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The secret friendship of Hillary Clinton and John McCain

It's one of those things that sneaks up on you in politics, a sense of things happening not quite as you expected. It started in April when our Times colleague Louise Roug called with a quote from Sen. Hillary Clinton.

She'd shaken hands at a factory gate in Toledo, Ohio, then before flying to Texas held a mediaSenators John McCain and Hillary Clinton who've quietly become good friends availability where she said: "Sen. McCain brings a lifetime of experience to the campaign. I bring a lifetime of experience. And Sen. Obama brings a speech he gave in 2002."

A pretty good zinger that got Clinton into the day's news flow while her plane was heading to an Austin, Texas, rally.

But why would the Democratic candidate mention the Republican at all? Let alone in a positive way as qualified to be president in comparison to a fellow Democrat?

That thought quickly passed in the flood of primaries and news.

But then in the final weeks of the primary season, as the inevitable delegate math closed in on Clinton, she attacked Barack Obama, of course. He was ahead. And she clearly didn't want four more years of President Bush. John McCain, already running for the general election, attacked Obama. And Obama fired back at the Republican.

But neither Clinton nor McCain fired at each other.

Then after the last night of primary ballot-counting, Clinton and Obama spoke briefly about each other. McCain uttered one sentence ...

... about Obama.

And then the Arizona Republican said this about the wife of the only Democrat to be elected twice since FDR: "Sen. Clinton has earned great respect for her tenacity and courage. The media often overlooked how compassionately she spoke to the concerns and dreams of millions of Americans, and she deserves a lot more appreciation than she sometimes received.

"As the father of three daughters, I owe her a debt for inspiring millions of women to believe there is no opportunity in this great country beyond their reach. I am proud to call her my friend."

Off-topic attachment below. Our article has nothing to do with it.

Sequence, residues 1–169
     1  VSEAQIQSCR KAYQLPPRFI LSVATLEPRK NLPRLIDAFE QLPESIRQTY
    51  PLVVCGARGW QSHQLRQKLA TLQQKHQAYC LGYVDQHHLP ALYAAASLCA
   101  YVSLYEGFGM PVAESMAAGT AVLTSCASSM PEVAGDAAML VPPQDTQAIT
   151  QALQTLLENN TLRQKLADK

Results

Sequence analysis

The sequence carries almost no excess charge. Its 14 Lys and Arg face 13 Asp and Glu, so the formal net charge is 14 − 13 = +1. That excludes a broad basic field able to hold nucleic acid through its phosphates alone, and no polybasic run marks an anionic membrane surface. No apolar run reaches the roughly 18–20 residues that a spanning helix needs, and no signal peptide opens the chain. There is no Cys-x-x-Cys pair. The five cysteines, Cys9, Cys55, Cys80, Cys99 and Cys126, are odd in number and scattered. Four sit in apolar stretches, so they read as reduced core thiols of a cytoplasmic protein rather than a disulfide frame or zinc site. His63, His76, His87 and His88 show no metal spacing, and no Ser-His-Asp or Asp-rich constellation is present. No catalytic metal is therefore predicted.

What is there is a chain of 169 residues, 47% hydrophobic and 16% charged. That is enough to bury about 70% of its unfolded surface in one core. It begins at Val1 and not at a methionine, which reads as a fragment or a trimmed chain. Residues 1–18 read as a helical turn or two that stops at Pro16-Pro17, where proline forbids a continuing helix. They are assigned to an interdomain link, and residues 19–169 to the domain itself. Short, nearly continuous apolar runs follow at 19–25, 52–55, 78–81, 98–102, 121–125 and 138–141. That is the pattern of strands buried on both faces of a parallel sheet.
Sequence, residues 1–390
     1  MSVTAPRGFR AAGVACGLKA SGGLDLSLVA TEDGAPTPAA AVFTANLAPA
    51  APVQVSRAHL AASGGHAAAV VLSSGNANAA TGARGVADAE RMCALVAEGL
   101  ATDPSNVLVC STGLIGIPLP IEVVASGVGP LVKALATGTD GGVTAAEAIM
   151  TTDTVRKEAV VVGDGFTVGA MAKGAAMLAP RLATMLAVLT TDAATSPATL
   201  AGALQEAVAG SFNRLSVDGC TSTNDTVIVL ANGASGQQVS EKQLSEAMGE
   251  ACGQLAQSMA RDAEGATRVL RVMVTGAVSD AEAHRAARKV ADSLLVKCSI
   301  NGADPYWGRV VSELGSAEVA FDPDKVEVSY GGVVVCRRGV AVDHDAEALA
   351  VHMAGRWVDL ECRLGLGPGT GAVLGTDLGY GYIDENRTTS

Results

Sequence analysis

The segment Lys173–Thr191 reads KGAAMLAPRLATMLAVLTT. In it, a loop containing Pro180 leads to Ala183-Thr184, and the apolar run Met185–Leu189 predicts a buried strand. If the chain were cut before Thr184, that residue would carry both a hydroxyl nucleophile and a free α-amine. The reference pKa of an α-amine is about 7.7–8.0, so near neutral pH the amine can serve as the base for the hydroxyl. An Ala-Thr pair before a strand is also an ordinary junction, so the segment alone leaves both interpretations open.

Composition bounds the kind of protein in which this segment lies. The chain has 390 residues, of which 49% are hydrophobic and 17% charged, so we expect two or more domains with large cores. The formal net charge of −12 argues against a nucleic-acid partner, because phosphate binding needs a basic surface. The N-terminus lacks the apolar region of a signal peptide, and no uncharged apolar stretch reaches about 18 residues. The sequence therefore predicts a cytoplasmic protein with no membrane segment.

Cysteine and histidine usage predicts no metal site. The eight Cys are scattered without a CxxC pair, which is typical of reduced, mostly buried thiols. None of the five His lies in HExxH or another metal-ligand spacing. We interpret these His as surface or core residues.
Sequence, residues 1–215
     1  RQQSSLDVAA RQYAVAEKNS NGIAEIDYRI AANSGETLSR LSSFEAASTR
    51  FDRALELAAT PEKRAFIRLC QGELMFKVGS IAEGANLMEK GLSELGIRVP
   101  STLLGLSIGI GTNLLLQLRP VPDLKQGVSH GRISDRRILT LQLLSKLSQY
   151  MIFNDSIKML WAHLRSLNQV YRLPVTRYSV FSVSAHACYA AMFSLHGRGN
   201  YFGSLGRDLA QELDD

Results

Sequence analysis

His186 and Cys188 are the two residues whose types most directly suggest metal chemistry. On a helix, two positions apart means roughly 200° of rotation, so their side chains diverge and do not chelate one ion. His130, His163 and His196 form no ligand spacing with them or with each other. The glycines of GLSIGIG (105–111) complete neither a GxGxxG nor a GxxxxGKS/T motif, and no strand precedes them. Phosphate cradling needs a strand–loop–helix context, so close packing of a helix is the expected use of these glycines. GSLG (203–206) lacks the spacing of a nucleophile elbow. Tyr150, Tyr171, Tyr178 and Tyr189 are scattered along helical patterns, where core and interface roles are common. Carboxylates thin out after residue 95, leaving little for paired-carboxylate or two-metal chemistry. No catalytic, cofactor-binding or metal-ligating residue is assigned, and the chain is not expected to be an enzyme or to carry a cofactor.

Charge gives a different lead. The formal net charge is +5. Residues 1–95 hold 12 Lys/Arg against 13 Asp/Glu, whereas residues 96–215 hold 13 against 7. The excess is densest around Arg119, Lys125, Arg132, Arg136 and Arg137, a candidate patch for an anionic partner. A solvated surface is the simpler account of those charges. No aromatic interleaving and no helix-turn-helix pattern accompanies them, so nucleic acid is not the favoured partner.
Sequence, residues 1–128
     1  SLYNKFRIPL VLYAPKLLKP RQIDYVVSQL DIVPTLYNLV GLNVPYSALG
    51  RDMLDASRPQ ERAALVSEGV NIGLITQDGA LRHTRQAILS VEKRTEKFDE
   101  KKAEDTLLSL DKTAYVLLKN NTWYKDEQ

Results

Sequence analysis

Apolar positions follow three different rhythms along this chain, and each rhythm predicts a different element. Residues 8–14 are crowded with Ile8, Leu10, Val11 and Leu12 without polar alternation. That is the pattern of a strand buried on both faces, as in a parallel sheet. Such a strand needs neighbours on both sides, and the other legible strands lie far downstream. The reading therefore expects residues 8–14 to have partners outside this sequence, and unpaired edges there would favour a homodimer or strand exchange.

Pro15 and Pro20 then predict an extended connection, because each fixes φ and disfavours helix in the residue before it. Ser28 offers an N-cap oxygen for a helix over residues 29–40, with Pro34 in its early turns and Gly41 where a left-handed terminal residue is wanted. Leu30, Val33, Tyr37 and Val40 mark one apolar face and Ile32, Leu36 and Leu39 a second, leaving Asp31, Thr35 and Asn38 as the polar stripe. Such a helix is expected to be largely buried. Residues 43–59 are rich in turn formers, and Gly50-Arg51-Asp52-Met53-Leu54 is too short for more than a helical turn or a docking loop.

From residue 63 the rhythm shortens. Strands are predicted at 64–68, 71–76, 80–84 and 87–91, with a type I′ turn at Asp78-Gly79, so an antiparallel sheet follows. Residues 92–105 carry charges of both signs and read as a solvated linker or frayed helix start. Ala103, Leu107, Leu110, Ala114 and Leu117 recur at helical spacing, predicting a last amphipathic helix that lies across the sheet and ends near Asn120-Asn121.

And then a week ago this morning it became clear that the Democratic Party was forcing Clinton to end her bid. On Saturday, Obama went golfing. Clinton and her family dressed as if for a funeral and went to thank their supporters with a grateful speech and, on paper, a hearty, full endorsement of Obama.

But something was missing. Not one word in the speech about the Republican nominee that Obama must now confront for the White House.

As she was speaking, the McCain campaign's new website blog, The McCain Report, posted a special tribute to the losing Democratic candidate, familiarly headlined "Hillary Out," something the Obama campaign didn't fully match for two days.

"Sen. Clinton has really grown on us," McCain blogger Michael Goldfarb wrote. "She ran an impressive campaign ... an impressive candidate ... inspired a generation of women. ... Sen. Clinton also didn't mention John McCain once during her speech. This came as something of a surprise over here, and a pleasant one at that. But it's clear that John McCain and Hillary Clinton respect each other -- and there is a genuine affection for her here at McCain HQ."

The blog post included a photo of McCain and Clinton together on a ship in the Arctic during one of their several journeys as members of the Senate Armed Services Committee. These things do not happen on official campaign websites spontaneously or by accident. Nor does the enemy get accidentally omitted from a major speech.

So The Ticket called a bunch of people who know both McCain and Clinton. It's true, they confirmed, there is a special friendship between them. And it apparently started in January of 2001, when Clinton became the first former first lady elected to public office and walked into the U.S. Senate.

It has always been a gentlemen's club, if not always populated by gentlemen. And the warmth toward Clinton was missing. Until McCain walked up and heartily welcomed the newcomer and showed her around. "They really hit it off," said one friend.

Senators John McCain and Hillary Clinton both members of the Senate Armed Services Committee on an Arctic trip

They shared many things, including a candid tongue. Both also have at times been at odds with their own parties. They found they could work together across the aisle as committee members and enjoyed each other's company on fact-finding trips around the world. In Estonia, according to one famous tale, Clinton challenged McCain to a vodka shot-drinking contest, which he readily accepted.

Later, McCain remarked to friends "she was one of the guys," a high compliment among guys.

Learning about their unexpected friendship got us to thinking about a few things. What if McCain and Clinton, both their party's front-runners a year ago today, ended up confronting each other in the general election? Would we have seen a more civil campaign for a change?

According to several sources, including the Atlantic's respected Marc Ambinder, McCain came within a breath of publicly promising last year that his would be a one-term presidency. Aides convinced him it was an unnecessary chip to discard then.

Meanwhile, Clinton appears to be delivering early on her commitment to help Obama, steering her financial supporters to assist him in recent days, though some demur.